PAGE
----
In addition, when we look at the cost of these matters, it’s important to take a holistic view. There’s no technology alone that’s going to drive efficiency, and there’s no human resource component that’s going to drive that efficiency all on its own. Therefore, we look at it from a holistic standpoint.
As an e-discovery organization, we realized many years ago that leveraging high-level analytics and having high-level expertise is a key component to help our clients assure they have a defensible and efficient process, and, at the end of the day, that they can get that in a less expensive manner. So we are constantly vetting or looking to build technology that is going to allow us to work more efficiently. For example, we have members of our analytics team with deep experience using more technical scripting than perhaps we generally would use on the e-discovery side of our work. We can identify that kind of skillset within our team, pull it out, and use it to drive efficiencies in cyber incident response. We’re always looking for ways, from a technology and resource standpoint, to be more efficient by finding the right people and the right technology to do the work.
As 2022 gets underway, what’s the most important thing you can do to help clients facing cyber incidents?
The biggest thing we can do as an organization is to be consultative. When I look at cyber engagements, it’s important not to try to fit each incident into the same box. We have a variety of tools and technical capabilities at our disposal. It’s important to figure out what’s the right fit for each cyber incident we’re handling. It may be that a client has unique data sets and we need to leverage multiple resources internally to find the right solution to their particular challenge.
I’ll give an example. We had a client that dealt with health insurance claims. The initial discussion was that someone would have to put eyes on all of these records to pull up the relevant information. After discussing this with breach counsel and the client, and bringing in some of our technical resources, we found a custom solution to extract information from 40,000 records without having a single person put eyes on the documents.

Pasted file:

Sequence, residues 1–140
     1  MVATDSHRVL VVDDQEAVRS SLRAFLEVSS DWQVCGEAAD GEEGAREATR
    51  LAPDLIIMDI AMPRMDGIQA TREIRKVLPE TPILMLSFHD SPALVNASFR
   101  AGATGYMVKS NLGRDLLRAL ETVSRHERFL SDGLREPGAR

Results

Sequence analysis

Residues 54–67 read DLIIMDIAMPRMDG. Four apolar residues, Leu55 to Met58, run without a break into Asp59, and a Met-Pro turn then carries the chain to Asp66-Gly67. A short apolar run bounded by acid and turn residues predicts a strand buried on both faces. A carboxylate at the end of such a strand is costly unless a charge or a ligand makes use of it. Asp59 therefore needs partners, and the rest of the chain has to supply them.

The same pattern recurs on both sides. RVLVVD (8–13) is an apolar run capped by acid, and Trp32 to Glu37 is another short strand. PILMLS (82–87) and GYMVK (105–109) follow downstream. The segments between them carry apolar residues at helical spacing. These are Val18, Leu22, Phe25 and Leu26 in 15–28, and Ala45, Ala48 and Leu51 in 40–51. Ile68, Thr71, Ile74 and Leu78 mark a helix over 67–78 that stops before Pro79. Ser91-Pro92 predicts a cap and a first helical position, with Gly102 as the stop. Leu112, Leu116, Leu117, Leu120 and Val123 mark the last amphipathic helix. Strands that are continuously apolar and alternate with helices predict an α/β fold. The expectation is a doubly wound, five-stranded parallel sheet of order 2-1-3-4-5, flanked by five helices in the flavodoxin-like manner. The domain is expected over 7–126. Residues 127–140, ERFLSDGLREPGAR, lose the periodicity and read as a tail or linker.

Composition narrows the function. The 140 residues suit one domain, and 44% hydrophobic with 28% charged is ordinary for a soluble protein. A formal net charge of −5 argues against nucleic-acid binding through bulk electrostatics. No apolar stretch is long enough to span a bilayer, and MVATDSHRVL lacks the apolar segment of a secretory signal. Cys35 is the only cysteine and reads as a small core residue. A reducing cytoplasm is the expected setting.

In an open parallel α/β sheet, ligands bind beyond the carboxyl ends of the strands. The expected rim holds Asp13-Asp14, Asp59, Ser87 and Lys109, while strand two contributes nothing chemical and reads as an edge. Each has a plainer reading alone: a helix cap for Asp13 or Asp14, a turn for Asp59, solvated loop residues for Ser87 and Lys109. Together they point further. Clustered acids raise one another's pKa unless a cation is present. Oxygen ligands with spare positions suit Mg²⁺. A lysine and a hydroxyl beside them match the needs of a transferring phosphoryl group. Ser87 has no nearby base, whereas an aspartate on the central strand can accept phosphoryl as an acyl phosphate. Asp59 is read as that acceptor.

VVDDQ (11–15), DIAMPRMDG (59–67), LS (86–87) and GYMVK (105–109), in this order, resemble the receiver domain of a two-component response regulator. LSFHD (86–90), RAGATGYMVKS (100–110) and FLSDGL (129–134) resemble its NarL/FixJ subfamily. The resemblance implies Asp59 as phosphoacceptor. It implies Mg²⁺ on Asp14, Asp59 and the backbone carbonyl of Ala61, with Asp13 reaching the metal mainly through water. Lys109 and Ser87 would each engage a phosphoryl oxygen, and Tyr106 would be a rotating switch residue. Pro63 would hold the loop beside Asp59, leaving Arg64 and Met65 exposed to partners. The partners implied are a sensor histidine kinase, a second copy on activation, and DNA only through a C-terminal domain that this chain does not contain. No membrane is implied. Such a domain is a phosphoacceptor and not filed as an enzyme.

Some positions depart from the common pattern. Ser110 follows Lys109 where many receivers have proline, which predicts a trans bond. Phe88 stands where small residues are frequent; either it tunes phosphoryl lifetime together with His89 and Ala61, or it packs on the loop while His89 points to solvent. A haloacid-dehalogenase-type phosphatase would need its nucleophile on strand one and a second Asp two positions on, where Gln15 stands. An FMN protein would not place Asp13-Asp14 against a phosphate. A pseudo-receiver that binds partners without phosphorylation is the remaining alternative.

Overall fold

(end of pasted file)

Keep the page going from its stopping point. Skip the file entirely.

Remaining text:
Cyber is a rapidly evolving market. What has changed about your service delivery over just the last year or so?
Our clients and their breach counsel are more involved and have higher expectations regarding the initial, upfront data mining and data triage that we’re doing on these types of projects. As this evolves, and as the number of incidents increases, it becomes more necessary to drive efficiency. I know I’ve used that word a great deal, but that’s the truth. We need to drive efficiency, shorten timelines, and do things less expensively. One of the key ways to achieve that is being very strategic about addressing these types of projects.
Is there anything that we missed?
I would add that we interact with many different pieces of the “cyber puzzle.” There are a number of different seats at the table, and where we sit, we interact with most of them. Our work in the space gives us an interesting perspective, particularly as we deal with the data challenges across all of our many highly varied projects.